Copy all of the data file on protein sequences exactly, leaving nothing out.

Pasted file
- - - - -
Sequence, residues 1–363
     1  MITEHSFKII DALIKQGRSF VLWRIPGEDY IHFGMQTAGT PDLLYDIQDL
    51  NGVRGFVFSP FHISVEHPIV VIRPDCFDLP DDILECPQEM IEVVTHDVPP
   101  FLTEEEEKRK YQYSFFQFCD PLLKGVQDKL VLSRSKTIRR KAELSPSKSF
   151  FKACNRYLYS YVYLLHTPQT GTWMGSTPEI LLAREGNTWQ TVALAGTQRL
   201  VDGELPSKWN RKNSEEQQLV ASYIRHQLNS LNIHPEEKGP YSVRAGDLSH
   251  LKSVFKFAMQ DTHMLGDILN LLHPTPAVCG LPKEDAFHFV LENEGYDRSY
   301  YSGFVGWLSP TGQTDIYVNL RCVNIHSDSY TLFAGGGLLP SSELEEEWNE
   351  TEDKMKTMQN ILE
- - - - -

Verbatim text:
Sequence, residues 1–363
     1  MITEHSFKII DALIKQGRSF VLWRIPGEDY IHFGMQTAGT PDLLYDIQDL
    51  NGVRGFVFSP FHISVEHPIV VIRPDCFDLP DDILECPQEM IEVVTHDVPP
   101  FLTEEEEKRK YQYSFFQFCD PLLKGVQDKL VLSRSKTIRR KAELSPSKSF
   151  FKACNRYLYS YVYLLHTPQT GTWMGSTPEI LLAREGNTWQ TVALAGTQRL
   201  VDGELPSKWN RKNSEEQQLV ASYIRHQLNS LNIHPEEKGP YSVRAGDLSH
   251  LKSVFKFAMQ DTHMLGDILN LLHPTPAVCG LPKEDAFHFV LENEGYDRSY
   301  YSGFVGWLSP TGQTDIYVNL RCVNIHSDSY TLFAGGGLLP SSELEEEWNE
   351  TEDKMKTMQN ILE